Here is a short summary of my literary adventures during my Spring 2012 sabbatical.
Somehow I have morphed from a poet to a fiction writer, and I say morphed because poetry keeps popping up even in my fiction. I’ve now completed one novel and two half novels, and there are poems in all of them.
This year has been pretty amazing for me as a writer. I completed NANOWRIMO, which is a cleverly shortened name for National Novel Writing Month, an online adventure for those who want to try to write a 50,000 word novel in 30 days. During the month of November 2011, while teaching full time and being a parent of two very active kids, I managed to write one and a half novels. It was the craziest month I think I’ve ever had (excepting the first months after my children were born).
During my sabbatical, my plan was to work mostly on revising the hasty first draft of the novel I wrote during Nanowrimo and to work on getting it published. This has been an adventure. I was writing so fast when I wrote the draft that I didn’t even use quotation marks! The first revision, then, was just getting the format of the novel into a readable document. Then I started reading the novel to my five year old daughter. Oh, yeah, I forgot to mention that the novel is a children’s chapter book—a middle grade novel—meant for 8-10 year olds (or younger kids if someone is reading it to them or if they are smarty pants). My daughter gave the story a big thumbs-up, and reading the story out loud helped tremendously with the revision process. I also gave that first revision to a couple of other people (Thanks Kelli and Colleen!) for suggestions and feedback. After those comments and conversations occurred, I revised the novel again, much more extensively, including getting rid of characters, changing some major details, making some things more exciting, etc.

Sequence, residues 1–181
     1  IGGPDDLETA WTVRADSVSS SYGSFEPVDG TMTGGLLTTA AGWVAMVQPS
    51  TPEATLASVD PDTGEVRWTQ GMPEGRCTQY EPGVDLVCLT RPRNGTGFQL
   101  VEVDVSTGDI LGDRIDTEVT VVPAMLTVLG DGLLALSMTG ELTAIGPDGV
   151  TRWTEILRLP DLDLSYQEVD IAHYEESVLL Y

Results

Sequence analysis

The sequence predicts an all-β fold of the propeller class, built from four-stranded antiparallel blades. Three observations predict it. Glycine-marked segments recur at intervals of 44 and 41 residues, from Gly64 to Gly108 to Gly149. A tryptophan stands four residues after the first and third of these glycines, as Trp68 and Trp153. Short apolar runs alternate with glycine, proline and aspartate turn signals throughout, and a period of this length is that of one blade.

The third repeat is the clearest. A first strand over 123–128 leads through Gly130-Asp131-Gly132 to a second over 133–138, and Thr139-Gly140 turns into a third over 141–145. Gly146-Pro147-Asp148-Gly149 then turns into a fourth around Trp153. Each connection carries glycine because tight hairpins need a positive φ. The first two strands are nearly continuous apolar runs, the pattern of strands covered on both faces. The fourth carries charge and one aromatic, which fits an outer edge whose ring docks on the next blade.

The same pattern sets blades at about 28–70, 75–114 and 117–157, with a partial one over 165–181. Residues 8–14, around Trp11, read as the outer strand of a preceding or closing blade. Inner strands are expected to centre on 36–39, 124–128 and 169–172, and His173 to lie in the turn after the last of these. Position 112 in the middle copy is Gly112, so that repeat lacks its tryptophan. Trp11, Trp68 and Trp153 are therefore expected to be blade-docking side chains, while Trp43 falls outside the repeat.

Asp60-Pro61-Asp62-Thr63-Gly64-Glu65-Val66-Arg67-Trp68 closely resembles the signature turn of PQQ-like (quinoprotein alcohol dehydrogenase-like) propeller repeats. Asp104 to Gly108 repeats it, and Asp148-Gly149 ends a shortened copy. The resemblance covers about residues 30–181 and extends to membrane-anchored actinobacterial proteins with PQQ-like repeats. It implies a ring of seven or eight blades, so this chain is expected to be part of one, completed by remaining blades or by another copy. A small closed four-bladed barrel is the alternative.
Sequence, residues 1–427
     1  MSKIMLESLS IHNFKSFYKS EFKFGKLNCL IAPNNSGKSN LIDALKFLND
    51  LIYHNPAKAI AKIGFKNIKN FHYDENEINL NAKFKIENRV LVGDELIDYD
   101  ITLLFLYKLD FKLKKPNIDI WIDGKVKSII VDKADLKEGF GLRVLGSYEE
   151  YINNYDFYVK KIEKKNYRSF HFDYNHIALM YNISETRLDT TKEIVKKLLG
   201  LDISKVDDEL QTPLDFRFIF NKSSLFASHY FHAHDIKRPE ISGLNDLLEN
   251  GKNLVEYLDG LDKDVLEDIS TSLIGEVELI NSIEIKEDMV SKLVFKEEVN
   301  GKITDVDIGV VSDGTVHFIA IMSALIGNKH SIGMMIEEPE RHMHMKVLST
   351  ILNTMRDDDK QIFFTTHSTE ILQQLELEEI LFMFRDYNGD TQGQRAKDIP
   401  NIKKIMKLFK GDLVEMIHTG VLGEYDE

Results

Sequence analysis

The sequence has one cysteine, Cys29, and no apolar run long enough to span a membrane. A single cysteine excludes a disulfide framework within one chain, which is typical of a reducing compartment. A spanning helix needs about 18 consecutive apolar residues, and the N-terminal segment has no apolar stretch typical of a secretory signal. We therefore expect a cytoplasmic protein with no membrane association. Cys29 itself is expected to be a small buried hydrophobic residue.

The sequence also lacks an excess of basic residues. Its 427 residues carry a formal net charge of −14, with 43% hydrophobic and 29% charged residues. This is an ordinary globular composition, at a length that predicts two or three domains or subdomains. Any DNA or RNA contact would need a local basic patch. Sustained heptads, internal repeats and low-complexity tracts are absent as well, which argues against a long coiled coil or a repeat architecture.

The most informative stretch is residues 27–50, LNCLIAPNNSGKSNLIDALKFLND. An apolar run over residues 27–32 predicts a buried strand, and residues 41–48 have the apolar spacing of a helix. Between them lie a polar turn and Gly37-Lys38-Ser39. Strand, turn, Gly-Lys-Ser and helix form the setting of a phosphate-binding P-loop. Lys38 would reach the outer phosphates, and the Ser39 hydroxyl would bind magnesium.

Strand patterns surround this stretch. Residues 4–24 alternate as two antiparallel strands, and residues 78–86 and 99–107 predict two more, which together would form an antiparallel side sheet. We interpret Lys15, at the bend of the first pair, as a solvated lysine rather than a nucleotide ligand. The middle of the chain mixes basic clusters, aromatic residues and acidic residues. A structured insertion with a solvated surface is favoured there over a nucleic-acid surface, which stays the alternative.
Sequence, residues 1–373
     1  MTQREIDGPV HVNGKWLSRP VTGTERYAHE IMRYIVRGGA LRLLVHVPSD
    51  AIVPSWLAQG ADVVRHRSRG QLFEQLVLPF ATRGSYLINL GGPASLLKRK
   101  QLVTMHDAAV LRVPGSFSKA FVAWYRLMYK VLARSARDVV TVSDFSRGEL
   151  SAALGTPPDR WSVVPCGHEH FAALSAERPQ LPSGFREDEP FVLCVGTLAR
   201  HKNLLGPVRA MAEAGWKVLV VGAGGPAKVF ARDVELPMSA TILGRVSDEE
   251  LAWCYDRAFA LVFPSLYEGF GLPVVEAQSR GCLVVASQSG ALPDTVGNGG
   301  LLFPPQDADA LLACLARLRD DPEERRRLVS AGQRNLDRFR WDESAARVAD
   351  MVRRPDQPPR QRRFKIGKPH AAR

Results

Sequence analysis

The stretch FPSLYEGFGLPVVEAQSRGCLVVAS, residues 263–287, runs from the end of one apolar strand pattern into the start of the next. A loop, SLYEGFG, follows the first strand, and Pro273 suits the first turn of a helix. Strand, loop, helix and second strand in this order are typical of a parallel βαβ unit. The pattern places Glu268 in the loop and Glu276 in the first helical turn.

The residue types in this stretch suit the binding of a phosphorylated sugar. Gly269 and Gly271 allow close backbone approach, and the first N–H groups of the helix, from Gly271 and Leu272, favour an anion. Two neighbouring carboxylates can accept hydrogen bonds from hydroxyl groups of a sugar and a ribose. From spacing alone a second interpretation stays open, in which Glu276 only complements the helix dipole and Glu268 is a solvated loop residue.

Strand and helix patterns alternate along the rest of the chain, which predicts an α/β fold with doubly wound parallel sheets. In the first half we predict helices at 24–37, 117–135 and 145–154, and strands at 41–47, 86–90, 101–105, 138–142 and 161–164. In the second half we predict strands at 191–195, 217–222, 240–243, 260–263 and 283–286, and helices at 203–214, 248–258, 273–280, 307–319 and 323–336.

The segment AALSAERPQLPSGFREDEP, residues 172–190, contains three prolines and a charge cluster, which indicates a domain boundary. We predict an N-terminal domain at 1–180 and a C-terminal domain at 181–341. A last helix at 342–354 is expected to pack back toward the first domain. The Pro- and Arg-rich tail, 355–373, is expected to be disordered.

At this point, I also was taking an online course in writing for middle grade fiction through The Loft Literary Center taught by Kurtis Scaletta, a successful middle grade writer. This eight week class really helped me hone my writing skills, think about audience and characters, and revise the novel one more time. The class gave me feedback both from the instructor and other students that helped me make some more changes in the book. Also the class helped me get ready to work on publishing the book, helping with query letters and pitches. Learning the world of children’s publishing has probably been the hardest part of this whole project. I’m still waiting to hear from some agents and see if someone is willing to take me on a writer. In the meantime, I’ve been working on the sequel to the book and having other kid writers read the first novel and give me their ideas and comments.
I’ve also been reading as many middle grade book as I can get my hands on, from classics like The Mixed Up Files of Mrs. Basil E. Frankweiler to current middle grade writers like Anne Ursu, Laurel Snyder, and Barry Wolverton.